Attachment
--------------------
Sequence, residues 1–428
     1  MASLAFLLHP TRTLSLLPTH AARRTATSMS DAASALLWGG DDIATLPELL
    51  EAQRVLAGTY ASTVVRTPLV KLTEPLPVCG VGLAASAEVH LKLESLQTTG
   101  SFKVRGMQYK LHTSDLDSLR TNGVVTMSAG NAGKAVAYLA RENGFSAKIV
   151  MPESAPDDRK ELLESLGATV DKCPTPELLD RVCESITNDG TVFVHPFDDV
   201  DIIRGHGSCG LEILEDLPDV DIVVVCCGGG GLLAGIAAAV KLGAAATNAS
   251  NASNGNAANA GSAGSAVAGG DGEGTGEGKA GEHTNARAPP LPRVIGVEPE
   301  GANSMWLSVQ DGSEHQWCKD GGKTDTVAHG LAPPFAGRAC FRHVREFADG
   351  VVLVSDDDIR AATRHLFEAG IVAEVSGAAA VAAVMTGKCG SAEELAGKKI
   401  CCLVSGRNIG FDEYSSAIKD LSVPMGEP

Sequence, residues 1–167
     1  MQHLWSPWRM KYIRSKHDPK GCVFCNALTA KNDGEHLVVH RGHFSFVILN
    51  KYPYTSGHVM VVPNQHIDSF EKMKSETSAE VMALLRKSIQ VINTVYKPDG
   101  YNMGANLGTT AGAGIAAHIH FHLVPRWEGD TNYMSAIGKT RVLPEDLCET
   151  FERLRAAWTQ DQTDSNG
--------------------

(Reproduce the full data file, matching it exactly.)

Sequence, residues 1–428
     1  MASLAFLLHP TRTLSLLPTH AARRTATSMS DAASALLWGG DDIATLPELL
    51  EAQRVLAGTY ASTVVRTPLV KLTEPLPVCG VGLAASAEVH LKLESLQTTG
   101  SFKVRGMQYK LHTSDLDSLR TNGVVTMSAG NAGKAVAYLA RENGFSAKIV
   151  MPESAPDDRK ELLESLGATV DKCPTPELLD RVCESITNDG TVFVHPFDDV
   201  DIIRGHGSCG LEILEDLPDV DIVVVCCGGG GLLAGIAAAV KLGAAATNAS
   251  NASNGNAANA GSAGSAVAGG DGEGTGEGKA GEHTNARAPP LPRVIGVEPE
   301  GANSMWLSVQ DGSEHQWCKD GGKTDTVAHG LAPPFAGRAC FRHVREFADG
   351  VVLVSDDDIR AATRHLFEAG IVAEVSGAAA VAAVMTGKCG SAEELAGKKI
   401  CCLVSGRNIG FDEYSSAIKD LSVPMGEP

Sequence, residues 1–167
     1  MQHLWSPWRM KYIRSKHDPK GCVFCNALTA KNDGEHLVVH RGHFSFVILN
    51  KYPYTSGHVM VVPNQHIDSF EKMKSETSAE VMALLRKSIQ VINTVYKPDG
   101  YNMGANLGTT AGAGIAAHIH FHLVPRWEGD TNYMSAIGKT RVLPEDLCET
   151  FERLRAAWTQ DQTDSNG